Venom, that is surprising about running faster with the nitrous fuel jet only, I’d expect the opposite. I will have to see what happens when I modify the MAF signal. By the way, I really do want to spray this thing one day.
I'm not surprised that the aftermarket MAF doesn't help. The MAF on the GXP is also used on the 2004 - 2005 CTS-V amoung other LS motors, so it is plenty big enough. Yes it has the screen, but the ID of the inlet is 3.75", so it should not be very restrictive. Not having the screen means the MAF signal will likely be inconsistent, which is nothing but trouble.
On the LS1 forums, that engine seems to respond very well to timing advances up to 26 – 28 degrees, and AFR of up to 12.9 when running premium fuel. I know, different engine, but I don’t think anyone really knows exactly what the Northstar likes.
I’ve decided to get this translator: MAF Translator
We will see if I can actually fool this PCM. "Big Brother" might figure out what I am up to and throw a code. In theory it ought to be ok. At WOT, it is not reading the o2 sensor, and relies on the MAF to know how much air is entering the engine. It only learns about MAF reading changes at part throttle, so the key is that with the translator, you only modify the signal at WOT.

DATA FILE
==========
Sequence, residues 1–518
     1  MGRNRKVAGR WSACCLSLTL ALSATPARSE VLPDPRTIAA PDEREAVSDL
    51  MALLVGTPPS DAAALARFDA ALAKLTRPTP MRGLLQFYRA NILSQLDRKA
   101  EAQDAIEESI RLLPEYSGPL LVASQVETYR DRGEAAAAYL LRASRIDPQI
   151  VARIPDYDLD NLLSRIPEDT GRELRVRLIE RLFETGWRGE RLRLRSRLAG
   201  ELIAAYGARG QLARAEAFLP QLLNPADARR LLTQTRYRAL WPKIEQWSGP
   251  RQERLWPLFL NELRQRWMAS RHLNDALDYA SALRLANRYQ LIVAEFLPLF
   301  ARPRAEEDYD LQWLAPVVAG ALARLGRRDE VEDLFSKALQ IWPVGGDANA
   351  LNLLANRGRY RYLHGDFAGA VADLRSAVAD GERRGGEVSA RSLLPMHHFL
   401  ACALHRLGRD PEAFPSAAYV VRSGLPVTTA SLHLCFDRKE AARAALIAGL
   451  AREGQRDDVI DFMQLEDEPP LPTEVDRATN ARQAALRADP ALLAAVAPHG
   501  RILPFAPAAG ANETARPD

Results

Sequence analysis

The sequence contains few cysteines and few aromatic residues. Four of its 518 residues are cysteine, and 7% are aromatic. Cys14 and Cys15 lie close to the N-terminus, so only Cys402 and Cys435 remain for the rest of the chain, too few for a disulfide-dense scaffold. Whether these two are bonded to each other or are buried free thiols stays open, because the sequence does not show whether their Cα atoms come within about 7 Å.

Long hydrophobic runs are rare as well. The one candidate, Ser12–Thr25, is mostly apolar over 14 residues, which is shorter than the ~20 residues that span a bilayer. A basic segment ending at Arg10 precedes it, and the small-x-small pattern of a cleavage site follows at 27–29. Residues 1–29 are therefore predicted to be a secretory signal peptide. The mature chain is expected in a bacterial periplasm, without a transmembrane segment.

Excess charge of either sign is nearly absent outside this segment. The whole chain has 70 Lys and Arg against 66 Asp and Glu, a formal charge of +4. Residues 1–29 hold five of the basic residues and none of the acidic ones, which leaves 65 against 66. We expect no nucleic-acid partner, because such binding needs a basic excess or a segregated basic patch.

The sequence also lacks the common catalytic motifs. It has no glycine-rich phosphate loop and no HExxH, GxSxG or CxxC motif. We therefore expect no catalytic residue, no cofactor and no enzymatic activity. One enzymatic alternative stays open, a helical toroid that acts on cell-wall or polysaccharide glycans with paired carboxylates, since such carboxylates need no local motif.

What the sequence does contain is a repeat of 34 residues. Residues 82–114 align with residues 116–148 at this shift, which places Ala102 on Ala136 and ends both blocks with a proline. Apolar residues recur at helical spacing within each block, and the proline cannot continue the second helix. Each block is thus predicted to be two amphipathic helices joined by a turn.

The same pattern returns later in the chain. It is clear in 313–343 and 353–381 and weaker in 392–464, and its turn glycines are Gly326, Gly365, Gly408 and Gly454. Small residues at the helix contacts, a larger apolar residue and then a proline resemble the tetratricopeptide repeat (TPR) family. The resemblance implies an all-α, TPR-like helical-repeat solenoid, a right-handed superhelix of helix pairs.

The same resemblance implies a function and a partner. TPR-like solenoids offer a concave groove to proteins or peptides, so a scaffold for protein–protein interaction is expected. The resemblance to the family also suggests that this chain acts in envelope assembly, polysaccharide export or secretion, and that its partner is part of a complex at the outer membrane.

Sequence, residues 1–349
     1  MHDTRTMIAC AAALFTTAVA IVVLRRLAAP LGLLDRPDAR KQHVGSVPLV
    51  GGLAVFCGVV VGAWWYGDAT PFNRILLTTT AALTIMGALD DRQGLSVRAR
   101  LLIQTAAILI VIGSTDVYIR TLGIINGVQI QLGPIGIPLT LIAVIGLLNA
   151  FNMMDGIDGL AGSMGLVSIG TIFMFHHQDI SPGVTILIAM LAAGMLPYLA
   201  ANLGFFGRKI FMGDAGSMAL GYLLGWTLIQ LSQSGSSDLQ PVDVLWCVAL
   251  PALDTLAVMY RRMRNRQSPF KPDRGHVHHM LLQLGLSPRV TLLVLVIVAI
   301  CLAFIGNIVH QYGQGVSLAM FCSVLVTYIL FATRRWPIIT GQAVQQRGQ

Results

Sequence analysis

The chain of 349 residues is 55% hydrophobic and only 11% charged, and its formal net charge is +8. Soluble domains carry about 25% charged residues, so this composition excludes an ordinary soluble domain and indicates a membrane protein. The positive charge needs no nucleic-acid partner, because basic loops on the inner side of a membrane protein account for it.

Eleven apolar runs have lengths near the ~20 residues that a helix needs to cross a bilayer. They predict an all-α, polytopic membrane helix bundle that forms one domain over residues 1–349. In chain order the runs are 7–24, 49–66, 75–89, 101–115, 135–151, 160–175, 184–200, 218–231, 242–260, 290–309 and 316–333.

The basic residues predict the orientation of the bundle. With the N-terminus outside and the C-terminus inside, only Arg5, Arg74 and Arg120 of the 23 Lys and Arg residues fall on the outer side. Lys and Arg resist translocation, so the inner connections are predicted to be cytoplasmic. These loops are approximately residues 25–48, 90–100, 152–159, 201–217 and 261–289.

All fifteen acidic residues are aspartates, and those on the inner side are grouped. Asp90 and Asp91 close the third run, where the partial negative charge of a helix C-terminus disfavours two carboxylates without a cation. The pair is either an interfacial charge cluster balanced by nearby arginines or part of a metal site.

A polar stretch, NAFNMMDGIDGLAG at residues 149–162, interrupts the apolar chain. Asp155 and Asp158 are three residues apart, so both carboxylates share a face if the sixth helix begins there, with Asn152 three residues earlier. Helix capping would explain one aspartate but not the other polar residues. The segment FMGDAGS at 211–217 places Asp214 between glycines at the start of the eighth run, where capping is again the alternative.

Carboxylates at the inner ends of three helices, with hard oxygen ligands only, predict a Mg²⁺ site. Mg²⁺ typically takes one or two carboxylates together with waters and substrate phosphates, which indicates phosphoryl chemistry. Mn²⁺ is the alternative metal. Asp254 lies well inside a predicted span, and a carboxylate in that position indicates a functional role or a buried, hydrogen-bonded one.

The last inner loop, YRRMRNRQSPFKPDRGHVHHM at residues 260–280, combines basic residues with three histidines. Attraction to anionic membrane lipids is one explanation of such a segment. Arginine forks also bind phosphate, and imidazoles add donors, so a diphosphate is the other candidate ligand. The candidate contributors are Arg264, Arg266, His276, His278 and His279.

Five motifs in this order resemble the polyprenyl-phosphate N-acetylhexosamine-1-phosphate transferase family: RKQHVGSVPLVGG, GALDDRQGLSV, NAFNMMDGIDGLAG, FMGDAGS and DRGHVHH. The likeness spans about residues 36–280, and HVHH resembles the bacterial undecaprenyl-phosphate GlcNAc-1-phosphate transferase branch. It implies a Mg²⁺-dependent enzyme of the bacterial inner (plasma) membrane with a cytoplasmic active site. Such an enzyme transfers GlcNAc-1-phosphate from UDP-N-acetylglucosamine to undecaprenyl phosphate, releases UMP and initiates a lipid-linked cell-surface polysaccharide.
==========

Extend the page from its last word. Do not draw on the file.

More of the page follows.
Here is a thread I started in the support forum for the Gen 2: Will the Gen2 work for me? - Full Throttle Speed Tech Support
Regarding the Dashdyno, yesterday I tested the performance function. It is capable of measuring time to speed (0 - 60 for example) and 1/8 mile and 1/4 mile times. It does not have an accelerometer, but uses the VSS (vehicle speed sensor) to monitor acceleration. I found a good spot near my home where I can safely make an 1/8 mile run – great visibility and absolutely no side streets or entrances. I recorded the following times:
0 – 60: 6.3 sec
1/8 mile: 9.6 sec at 77.9
For reference, at the track I previously ran a best 1/8 mile pass of 9.5 at 76.5. So the numbers from this gizmo are definitely in the ball park. They can’t be relied upon as absolutely correct, since the slightest grade on the road will throw the numbers off. However, just like a G-tech, if this device can consistently record performance numbers, it will let me know what actual gains I am getting with any changes made. I will be making all runs on the same stretch of road. I am going to make a few more baseline runs to check consistency. It was windy when I baselined, so I might throw that one out.
I am going to reverse test the 3.5” CAI I am currently running against the fully gutted airbox. I want to make some additional baseline passes to make sure the times are consistent, then I can reinstall the airbox and see what the net change is (if any). Sure the 3.5 FWI looks cool, but the numbers won’t lie.
The dashdyno also has a dynamometer function. You enter a bunch of data including temp, humidity, and barometric pressure so it is corrected back to standard. Again the numbers may not be absolutely accurate, but should reveal increases and decreases in horsepower and the rpm where they occur. I have not yet tried the dyno function.